This Will Have Been: Art, Love & Politics in the 1980s
Feb 11–Jun 3, 2012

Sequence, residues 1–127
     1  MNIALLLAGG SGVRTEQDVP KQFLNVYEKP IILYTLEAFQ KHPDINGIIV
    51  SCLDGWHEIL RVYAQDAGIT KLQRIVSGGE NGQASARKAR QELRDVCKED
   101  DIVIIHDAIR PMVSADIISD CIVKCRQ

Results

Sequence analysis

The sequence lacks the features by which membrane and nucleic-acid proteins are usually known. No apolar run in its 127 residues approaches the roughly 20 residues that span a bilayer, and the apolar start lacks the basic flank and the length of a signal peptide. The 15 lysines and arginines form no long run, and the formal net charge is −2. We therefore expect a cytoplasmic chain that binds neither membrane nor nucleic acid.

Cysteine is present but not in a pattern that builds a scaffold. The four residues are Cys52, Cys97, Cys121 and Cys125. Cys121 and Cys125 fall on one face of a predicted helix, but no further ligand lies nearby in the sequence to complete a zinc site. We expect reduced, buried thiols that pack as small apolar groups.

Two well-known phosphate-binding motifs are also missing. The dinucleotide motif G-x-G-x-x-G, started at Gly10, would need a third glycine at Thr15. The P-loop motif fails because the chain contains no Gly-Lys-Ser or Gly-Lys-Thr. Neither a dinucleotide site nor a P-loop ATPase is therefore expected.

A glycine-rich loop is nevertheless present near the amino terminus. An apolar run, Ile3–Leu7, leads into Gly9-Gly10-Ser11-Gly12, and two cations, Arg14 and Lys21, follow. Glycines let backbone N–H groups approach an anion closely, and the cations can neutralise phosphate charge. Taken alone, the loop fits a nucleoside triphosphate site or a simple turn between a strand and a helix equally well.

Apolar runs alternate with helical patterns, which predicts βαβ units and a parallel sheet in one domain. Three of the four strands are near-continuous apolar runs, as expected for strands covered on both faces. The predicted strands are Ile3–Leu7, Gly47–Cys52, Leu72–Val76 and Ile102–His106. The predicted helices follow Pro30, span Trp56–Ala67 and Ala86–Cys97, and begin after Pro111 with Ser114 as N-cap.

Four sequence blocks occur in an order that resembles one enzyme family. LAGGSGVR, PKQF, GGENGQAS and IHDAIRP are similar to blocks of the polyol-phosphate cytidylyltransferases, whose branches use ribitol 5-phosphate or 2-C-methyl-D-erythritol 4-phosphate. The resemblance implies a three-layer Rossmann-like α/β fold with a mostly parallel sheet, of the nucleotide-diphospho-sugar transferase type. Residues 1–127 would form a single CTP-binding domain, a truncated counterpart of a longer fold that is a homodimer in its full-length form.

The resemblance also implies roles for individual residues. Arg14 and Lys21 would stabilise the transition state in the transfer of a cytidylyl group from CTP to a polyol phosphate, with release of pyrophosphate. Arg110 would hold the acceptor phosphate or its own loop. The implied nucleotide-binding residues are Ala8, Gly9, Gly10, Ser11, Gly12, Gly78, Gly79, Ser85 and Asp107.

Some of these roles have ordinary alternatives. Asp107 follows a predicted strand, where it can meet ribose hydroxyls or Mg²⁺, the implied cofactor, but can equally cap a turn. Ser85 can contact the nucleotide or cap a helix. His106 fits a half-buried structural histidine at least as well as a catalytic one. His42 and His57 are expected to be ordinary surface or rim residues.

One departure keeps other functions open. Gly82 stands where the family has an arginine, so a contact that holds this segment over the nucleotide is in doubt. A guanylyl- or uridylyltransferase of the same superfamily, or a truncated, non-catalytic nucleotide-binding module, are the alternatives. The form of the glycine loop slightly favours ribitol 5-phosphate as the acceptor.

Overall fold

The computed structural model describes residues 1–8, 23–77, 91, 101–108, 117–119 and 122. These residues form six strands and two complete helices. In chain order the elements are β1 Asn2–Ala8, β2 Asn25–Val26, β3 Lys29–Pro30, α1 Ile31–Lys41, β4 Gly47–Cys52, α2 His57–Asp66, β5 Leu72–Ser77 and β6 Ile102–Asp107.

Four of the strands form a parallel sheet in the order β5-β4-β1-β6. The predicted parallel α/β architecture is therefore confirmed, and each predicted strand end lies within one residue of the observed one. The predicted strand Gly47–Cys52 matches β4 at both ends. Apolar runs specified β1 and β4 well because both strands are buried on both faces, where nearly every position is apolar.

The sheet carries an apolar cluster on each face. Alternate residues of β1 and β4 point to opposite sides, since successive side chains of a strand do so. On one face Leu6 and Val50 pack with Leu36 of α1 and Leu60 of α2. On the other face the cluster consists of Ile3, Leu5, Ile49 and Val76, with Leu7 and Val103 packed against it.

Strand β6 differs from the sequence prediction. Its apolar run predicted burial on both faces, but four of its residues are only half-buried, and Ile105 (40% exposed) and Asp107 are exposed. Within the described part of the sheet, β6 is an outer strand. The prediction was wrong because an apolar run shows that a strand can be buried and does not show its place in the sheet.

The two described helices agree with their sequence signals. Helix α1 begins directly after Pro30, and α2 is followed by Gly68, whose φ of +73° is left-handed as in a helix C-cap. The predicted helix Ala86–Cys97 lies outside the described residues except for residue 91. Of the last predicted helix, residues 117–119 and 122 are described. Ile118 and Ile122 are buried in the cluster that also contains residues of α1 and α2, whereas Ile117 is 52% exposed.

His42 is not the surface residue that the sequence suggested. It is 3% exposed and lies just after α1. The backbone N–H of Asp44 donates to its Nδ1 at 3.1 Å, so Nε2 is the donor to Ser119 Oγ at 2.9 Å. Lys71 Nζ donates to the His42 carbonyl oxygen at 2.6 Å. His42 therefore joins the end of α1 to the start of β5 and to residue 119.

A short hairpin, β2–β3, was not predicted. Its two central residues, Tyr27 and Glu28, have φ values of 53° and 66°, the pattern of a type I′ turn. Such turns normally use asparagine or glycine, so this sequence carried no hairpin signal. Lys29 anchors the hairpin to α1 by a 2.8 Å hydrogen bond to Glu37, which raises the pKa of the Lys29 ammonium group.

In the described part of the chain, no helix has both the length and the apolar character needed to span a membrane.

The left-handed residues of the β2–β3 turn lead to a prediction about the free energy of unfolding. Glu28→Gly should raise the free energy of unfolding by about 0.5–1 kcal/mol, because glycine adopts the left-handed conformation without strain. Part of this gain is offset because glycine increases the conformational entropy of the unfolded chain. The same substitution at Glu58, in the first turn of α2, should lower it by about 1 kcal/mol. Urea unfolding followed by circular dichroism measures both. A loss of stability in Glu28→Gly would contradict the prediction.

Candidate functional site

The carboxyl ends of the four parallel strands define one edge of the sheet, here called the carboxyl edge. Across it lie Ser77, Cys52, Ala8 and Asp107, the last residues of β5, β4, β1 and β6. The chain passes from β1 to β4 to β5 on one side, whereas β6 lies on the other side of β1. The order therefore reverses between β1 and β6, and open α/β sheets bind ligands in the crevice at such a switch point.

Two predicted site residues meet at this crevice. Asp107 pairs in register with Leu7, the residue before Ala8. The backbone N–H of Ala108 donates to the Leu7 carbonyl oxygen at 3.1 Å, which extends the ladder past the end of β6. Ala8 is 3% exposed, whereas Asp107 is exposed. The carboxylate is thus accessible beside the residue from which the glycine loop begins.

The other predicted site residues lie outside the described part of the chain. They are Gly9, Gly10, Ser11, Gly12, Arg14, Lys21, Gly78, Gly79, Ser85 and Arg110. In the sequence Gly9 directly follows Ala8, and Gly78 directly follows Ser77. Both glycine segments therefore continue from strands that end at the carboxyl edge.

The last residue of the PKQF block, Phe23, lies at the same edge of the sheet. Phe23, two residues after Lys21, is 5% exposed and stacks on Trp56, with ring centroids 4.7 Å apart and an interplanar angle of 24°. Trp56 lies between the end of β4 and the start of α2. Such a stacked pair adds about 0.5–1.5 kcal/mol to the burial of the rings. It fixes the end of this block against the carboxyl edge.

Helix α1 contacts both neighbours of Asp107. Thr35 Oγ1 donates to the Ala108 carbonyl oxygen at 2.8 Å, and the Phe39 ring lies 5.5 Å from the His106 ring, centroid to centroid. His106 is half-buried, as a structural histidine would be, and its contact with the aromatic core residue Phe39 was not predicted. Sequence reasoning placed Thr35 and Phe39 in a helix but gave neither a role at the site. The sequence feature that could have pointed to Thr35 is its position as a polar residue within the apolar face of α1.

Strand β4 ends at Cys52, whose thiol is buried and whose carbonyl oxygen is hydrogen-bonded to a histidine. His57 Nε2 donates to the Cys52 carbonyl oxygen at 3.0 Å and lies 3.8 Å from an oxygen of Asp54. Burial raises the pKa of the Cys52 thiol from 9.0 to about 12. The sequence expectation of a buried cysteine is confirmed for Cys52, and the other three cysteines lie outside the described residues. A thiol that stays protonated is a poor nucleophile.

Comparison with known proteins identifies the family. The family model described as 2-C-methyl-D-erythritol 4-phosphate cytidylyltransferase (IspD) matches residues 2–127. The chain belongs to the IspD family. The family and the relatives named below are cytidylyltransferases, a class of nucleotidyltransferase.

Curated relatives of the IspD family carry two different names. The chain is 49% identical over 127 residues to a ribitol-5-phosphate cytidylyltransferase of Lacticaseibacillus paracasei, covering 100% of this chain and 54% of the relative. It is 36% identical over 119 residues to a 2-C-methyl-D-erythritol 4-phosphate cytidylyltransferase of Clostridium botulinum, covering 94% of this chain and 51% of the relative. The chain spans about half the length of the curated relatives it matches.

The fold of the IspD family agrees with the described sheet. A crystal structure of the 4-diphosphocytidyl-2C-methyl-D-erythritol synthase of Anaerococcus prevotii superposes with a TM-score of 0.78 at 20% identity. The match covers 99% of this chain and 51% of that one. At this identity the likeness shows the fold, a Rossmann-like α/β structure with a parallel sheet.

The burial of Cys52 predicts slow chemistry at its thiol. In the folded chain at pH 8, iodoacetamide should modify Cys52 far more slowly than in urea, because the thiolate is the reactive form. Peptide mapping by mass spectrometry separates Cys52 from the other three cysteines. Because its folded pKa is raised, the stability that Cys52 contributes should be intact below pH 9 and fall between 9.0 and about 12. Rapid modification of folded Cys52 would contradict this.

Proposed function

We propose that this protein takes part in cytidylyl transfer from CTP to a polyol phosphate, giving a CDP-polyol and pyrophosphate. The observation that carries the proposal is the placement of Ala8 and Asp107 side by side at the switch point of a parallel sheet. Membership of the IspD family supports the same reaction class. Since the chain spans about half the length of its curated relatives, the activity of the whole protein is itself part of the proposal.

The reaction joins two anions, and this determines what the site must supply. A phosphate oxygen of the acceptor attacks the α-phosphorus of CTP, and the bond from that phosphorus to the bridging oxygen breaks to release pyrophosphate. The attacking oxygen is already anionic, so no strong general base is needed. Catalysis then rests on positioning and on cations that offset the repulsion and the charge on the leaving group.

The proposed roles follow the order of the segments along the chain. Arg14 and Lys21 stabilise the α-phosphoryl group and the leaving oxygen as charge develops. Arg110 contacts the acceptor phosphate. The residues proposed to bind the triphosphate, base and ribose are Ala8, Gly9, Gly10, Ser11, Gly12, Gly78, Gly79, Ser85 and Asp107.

Jeff Wall’s Picture for Women explores the feminist concept of the gaze. Feminist theory proposed that throughout the history of Western art, images have overwhelmingly depicted men looking and women being looked at, situating the viewer as active and the subject as passive. Typical of Wall’s ongoing dialogue with art history, this photograph recalls impressionist artist Édouard Manet’s (French, 1832–83) Bar at the Folies-Bergère (1882) in its composition and thematic content, particularly the radical way the central female figure looks directly out at the viewer, refuting historical ideas about the nature of the gaze. Foregrounding the staged quality of his image, Wall invites viewers to consider the complex dynamics of the gaze from the perspective of the female model, the male photographer, and the camera, all of which are complicated by the reflective surface of the mirror, which is both unseen and central to the composition.